I currently write a column each Tuesday for the DeKalb
Daily Chronicle. The column will also appear on this website
each week and be added to the archives.
The Articles started December 2007.
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A good nickname that stuck
By Barry Schrader.................................July
Whats in a childhood nickname like Beanzie?
were common back in my school days and one of my classmates,
David Blank, created such tags for many of the boys. One of mine
that is mentionable was Shuns which was short for
Captions which was the answer I gave in English class
one day when the teacher asked What is the term for the
words used with a newspaper photo?So he shortened it to
Shuns and I was stuck with that for years. Of course we devised
a nickname for him: Kets. That was short for Blankets
which was an extension of his name.
Tony Xidis (Schrader photo)
So when a Kishwaukee Kiwanis Club member recently told me about
their annual bike marathon that used the name of one of their
members nicknamed Beanzie in the title I was curious
how this man got tagged. It turns out that five DeKalb men who
were avid bikers Jay Schneider, Marv Fogel, Dean Krutoff,
Bill Finucane, and Toney Xidis, met weekly for breakfast at the
Lincoln Inn before embarking on their spin around the county.
One morning the conversation drifted to childhood names and Toney
wouldnt admit to having one. This just piqued the curiosity
of the others who did some detective work to discover his moniker
through a family member. So he became Beanzie once
again to his buddies, after shedding the name some 40 years earlier.
Asking Toney how this name came about, he admitted
he didnt remember for a long time but then once day asked
his Aunt Martha how he got tagged with it. She explained that
when he was a youngster he was hyperactive, always jumping around,
so instead of Jumping Bean they just shortened it
to Beanzie. He had an older brother who was a bit
on the round side and so was called Butterbean. Then
a half brother was dubbed Taki but no one remembers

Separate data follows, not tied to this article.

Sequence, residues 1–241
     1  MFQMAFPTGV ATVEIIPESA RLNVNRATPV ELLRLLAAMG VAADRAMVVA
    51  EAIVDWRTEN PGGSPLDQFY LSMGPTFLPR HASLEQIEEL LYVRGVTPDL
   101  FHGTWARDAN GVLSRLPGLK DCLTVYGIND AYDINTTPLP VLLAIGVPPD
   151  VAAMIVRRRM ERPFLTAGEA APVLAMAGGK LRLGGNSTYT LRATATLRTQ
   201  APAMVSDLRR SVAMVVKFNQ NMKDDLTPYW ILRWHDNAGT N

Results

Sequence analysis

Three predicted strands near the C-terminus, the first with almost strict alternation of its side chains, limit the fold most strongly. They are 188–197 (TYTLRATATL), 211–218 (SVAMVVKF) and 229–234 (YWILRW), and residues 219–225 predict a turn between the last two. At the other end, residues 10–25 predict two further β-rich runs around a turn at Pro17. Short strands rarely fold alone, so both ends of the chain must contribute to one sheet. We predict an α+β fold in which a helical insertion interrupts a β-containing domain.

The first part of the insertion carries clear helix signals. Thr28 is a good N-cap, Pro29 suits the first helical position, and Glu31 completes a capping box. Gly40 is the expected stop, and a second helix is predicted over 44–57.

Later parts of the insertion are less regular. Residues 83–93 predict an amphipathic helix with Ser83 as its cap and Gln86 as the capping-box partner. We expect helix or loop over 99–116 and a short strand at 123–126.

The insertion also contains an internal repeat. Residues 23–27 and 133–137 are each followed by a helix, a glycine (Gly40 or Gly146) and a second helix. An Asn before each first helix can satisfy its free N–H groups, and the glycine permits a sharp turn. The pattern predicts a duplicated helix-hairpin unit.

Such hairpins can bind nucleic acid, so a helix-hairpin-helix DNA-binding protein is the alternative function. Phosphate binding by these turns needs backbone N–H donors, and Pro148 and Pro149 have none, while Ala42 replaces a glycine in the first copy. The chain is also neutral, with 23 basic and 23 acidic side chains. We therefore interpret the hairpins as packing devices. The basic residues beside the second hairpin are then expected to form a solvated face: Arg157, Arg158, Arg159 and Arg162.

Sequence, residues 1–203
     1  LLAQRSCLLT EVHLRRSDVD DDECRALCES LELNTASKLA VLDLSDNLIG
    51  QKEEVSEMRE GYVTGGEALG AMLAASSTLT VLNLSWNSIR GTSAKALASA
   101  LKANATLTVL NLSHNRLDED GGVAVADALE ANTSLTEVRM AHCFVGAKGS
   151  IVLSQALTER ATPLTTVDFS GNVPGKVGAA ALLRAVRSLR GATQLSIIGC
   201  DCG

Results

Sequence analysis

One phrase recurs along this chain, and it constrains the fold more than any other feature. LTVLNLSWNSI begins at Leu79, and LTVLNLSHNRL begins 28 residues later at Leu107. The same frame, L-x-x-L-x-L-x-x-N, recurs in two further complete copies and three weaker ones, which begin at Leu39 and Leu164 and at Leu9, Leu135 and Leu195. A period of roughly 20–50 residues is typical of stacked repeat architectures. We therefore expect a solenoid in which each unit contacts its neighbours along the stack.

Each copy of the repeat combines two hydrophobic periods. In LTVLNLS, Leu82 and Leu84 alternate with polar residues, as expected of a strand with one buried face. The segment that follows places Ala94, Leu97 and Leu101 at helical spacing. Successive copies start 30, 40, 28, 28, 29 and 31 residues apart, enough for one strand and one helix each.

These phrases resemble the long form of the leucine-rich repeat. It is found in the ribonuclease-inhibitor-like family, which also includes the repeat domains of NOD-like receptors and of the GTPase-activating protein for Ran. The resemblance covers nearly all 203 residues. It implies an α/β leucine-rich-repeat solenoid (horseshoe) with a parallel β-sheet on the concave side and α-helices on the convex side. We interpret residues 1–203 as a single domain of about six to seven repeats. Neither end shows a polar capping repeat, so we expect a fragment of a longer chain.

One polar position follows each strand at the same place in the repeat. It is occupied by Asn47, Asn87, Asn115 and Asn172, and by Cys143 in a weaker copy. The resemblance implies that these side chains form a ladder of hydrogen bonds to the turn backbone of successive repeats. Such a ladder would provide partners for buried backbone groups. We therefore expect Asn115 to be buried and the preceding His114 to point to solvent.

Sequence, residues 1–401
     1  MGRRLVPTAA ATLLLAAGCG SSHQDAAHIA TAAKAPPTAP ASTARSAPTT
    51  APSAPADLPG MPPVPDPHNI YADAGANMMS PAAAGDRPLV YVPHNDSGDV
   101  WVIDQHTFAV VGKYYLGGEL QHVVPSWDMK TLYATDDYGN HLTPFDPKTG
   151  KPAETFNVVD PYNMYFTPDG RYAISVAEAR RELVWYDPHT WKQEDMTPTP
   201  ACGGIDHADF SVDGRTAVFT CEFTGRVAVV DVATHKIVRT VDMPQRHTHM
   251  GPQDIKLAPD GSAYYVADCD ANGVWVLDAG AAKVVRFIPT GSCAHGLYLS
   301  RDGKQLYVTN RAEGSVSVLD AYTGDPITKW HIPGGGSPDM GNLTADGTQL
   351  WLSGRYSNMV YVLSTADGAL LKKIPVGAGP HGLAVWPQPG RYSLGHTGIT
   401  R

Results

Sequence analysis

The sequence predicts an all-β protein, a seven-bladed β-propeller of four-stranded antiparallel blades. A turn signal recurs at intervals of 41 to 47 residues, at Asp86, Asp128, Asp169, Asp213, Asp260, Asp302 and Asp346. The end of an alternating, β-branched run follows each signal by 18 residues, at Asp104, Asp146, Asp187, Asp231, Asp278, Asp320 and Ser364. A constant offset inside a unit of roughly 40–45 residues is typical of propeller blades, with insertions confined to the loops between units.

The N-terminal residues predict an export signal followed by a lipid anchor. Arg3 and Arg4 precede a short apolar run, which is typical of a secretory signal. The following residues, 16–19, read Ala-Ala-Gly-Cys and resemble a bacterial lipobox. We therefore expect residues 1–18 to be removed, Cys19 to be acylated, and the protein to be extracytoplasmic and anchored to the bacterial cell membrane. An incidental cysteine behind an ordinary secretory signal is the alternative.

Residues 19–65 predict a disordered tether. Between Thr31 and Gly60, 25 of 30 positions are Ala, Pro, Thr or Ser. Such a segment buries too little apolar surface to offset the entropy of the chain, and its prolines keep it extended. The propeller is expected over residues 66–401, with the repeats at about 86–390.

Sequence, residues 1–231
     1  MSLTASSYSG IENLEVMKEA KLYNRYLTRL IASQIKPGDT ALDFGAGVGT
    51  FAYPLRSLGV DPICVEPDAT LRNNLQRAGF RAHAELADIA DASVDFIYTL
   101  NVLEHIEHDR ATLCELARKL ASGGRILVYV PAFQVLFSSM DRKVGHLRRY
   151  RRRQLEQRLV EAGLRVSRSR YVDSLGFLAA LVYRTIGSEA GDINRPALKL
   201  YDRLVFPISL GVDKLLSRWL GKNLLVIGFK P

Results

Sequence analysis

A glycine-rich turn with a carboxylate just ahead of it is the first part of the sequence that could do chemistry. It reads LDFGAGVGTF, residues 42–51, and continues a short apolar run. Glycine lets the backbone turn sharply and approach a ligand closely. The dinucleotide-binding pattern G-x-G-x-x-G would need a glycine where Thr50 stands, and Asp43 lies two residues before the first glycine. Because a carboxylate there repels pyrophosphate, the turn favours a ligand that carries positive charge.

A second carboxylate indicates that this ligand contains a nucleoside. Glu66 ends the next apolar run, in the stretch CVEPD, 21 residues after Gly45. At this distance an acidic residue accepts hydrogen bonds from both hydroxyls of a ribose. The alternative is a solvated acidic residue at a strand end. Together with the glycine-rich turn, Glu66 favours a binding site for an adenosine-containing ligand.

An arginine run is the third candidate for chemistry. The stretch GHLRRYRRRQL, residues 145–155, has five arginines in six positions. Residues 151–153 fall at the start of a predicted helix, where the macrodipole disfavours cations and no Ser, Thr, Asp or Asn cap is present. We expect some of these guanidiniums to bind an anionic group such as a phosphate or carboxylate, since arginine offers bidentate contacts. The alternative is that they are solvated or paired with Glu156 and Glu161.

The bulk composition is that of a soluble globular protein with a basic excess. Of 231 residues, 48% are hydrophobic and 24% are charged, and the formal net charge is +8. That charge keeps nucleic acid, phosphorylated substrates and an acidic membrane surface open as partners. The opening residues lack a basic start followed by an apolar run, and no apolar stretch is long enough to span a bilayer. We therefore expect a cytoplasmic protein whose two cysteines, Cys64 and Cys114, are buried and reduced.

how that came about.
So when the Kiwanis wanted
a unique name for their annual fundraiser, a ride that runs from
23 to 101 miles around DeKalb County, Biking with Beanzie
caught on. Now in its 11th year, the ride attracted 530 bike
enthusiasts just two years ago. They hope to attract at least
500 this Sunday, so theyve ordered that many T-shirts with
the Beanzie design on them. Toney also told about the clever
roadside signs they would put up along the route with Burma Shave
jingles. Then came some artwork on posters that depicted such
scenes as Mt. Beanzie three U.S. presidents and Toney
just like the one in the Black Hills.
another quirky story about the route markers, the members who
paint arrows and numbers on the roadway to keep the riders on
course. It seems there was some road kill on the route where
they needed to paint a strip. So that year a painted line ran
right over the top of the road kill. Much easier than having
to find a scoop shovel and remove the critter from the pavement,
I guess. The ride is a scenic one, winding through the countryside
and stretching as far as Shabbona State Park and west of Paw
Paw where the wind farms can be viewed. (But be careful,
those big blades might whish you right off your bike.) There
are plenty of rest stops with drinks, and SAG wagons
to aid ailing pedalers or a crippled bike.
can sign up that morning at the DeKalb High School parking lot
from 6:30 to 10 a.m. or register earlier online at www.Active.com.
Its not only scenic and good exercise but the
funds they raise provide more pathways, green ways and other
community service projects undertaken by the club. And if you
look closely you will see Beanzie himself at the starting point.
In real life he was a clinical social worker in the Sycamore
School District for many years, now retired and still biking.
The columnist can be reached via email at :
or by snailmail at:
PO Box 851
DeKalb, Ill 60115